Trump Has Yet To Recognize Pride Month

by Seth Millstein
Alex Wong/Getty Images News/Getty Images

June is Pride Month, but unlike his predecessor, President Trump didn't issue a proclamation to honor the occasion. He did bestow several other official distinctions upon the fifth month of 2017, proclaiming June to be National Homeowners Month, National Ocean Month, African-American Appreciation Month, Great Outdoors Month and National Caribbean-American Heritage month. But Trump didn't acknowledge LGBTQ pride month, and given his abysmal record on gay rights, that's not the slightest bit shocking.

Despite claiming to be "the friend of women and the LGBT community," waving a pride flag at a rally once and uttering the phrase "LGBTQ" during his acceptance speech at the Republican National Convention, Trump hasn't enacted any pro-LGBTQ policies during his time as president. In fact, he's taken several steps to roll back federal protections for LGBT Americans.

In February, Trump withdrew a crucial directive from the Obama administration intended to protect the bathroom rights of trans students in public schools, and rescinded a 2014 executive order that banned LGBTQ discrimination amongst federal contractors. In addition, his administration won't include questions about sexual orientation or gender identity in federal demographic surveys, which could have a disastrous longterm effect on efforts to expand LGBTQ rights, and he's appointed several virulently anti-gay politicians to powerful posts in his administration.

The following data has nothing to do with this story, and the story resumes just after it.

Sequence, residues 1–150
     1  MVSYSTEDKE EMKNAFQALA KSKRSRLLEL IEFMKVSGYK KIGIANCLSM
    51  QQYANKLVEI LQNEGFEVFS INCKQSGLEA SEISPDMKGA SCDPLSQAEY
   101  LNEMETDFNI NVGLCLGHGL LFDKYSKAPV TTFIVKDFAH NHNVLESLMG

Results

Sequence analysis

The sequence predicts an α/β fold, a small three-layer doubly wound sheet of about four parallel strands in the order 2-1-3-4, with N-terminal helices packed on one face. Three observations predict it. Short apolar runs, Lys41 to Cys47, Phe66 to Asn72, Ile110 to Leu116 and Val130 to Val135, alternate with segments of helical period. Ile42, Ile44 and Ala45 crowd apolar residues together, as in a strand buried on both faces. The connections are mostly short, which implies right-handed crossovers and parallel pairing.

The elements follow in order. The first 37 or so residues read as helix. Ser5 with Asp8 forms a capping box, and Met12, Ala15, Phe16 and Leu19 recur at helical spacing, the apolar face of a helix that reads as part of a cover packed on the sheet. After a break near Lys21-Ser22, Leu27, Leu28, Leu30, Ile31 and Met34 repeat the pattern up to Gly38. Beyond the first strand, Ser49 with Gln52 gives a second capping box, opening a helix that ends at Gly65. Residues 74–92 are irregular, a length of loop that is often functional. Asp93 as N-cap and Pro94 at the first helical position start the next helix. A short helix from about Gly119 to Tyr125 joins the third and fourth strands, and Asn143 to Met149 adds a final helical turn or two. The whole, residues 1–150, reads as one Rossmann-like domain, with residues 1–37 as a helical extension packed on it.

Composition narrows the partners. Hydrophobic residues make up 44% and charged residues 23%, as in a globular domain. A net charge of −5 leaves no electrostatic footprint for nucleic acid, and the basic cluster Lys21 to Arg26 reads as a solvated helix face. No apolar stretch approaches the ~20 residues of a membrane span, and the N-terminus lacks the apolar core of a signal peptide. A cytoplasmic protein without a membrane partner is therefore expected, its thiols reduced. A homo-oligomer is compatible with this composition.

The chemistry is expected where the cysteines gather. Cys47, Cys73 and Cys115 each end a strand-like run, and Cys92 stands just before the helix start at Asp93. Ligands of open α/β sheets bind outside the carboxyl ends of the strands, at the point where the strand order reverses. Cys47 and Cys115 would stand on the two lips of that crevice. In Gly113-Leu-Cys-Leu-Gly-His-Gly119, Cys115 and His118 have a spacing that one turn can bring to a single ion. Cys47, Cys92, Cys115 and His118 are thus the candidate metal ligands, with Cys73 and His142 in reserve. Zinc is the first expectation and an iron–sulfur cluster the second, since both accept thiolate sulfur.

For a while, there was hope amongst some that Trump's daughter Ivanka would be a voice for LGBTQ rights in the administration. But to date, there's no evidence that she's affected any change on that front. Unlike her father, she did tweet in recognition of pride month; however, many LGBTQ activists criticized her for doing so, citing the lack of substantive steps she's taken to advance LGBTQ rights from her post as an assistant to the president.

Bill Clinton was the first president to issue an official proclamation for Pride Month, but ever since then, it's been a strictly partisan affair: President Bush issued no such proclamation, while President Obama did. In that sense, Trump isn't breaking with tradition at all. He's a Republican president, and like every other Republican president, he isn't honoring Pride Month with a presidential proclamation.

To be sure, proclamations are mostly symbolic gestures, and the Trump administration's refusal to honor Pride Month isn't going to affect federal policy in any way. But given how many times Trump has actually enacted LGBTQ policies, it's difficult not to see this latest snub in that context. It's sad, but it's not a surprise.